Follow these steps and eliminate reporting headaches!
There are so many reasons to not mingle business and personal bank accounts and transactions. Whether you are a sole proprietor or have formed an entity, such as LLC or corporation, one of the first steps in forming the business is to set up a business checking account. This business checking account should only be used for the business. It should not be used for personal expenses or personal deposits. This applies to credit cards too.
This is something I run into all too often. It’s one of the first questions I ask a new client and one of the first requests I have before taking over their books. I beg of you, please don’t mix business and personal expenses.
One reason to avoid this has to do with bookkeeping and bank account reconciliation. When it’s time to enter your transactions into your accounting system, such as QuickBooks, you have to account for every transaction on your bank statement. Personal transactions will have to be entered in your accounting system in order for the bank accounts to be balanced. You will have to set up different accounts in the chart of accounts to track these personal transactions and this can become cumbersome, especially since the typical small business owner does not update their accounting system on a regular basis (which is a whole different issue and maybe another blog post). As well, the only way to produce accurate financial statements is to pull out the personal transactions. Doing this is cumbersome and confusing, resulting in unnecessary errors.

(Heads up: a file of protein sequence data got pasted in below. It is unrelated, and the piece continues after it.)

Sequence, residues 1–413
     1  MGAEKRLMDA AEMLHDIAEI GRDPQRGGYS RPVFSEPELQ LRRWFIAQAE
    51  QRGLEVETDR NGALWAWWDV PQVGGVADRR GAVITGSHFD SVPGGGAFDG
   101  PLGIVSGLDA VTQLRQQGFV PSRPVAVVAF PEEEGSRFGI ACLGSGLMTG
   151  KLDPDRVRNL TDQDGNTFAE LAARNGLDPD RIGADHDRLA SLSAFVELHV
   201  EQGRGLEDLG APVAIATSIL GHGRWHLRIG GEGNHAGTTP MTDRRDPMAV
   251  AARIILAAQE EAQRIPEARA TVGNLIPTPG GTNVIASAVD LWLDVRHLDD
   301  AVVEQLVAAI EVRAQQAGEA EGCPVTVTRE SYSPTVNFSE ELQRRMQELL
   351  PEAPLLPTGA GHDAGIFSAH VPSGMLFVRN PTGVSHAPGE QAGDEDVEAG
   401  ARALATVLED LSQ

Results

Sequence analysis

This leads to the next reason; tax time. Filing a tax return can be a nightmare if you aren’t sure what transactions account for business and personal. When this happens, you are likely to end up filing without being able to claim all the deductions you are actually owed. Good records are imperative for a business, no matter the size, to be able to move forward and achieve true success. Not to mention, your nightmare will become a reality if you are selected to be audited.
The third reason has to do with the IRS again. Imagine that. If you have formed an entity, such as an LLC or corporation, which offers personal liability protection, you can lose this protection. This can happen if the IRS feels that you are not acting in the manner that a true company should act. They feel that mixing business with pleasure is not good business practice and frown upon it. They will say that your business is a hobby and not a true business. The IRS can ‘pierce the corporate veil’, which means you loose all personal liability protection. This can result in you becoming personally liable for any business lawsuits and debts of the business.
Hopefully, if you are currently mixing business with personal you will decide to stop doing this immediately. Trust me, it will streamline your bookkeeping and reporting, which I find to be invaluable. If you need help fixing your books and moving forward, feel free to contact me for advice.
The article is for informational purposes only. Details are subject to change without notice.
Copyright 2018 Christi Rains, Alpha Omega Consulting & Bookkeeping, LLC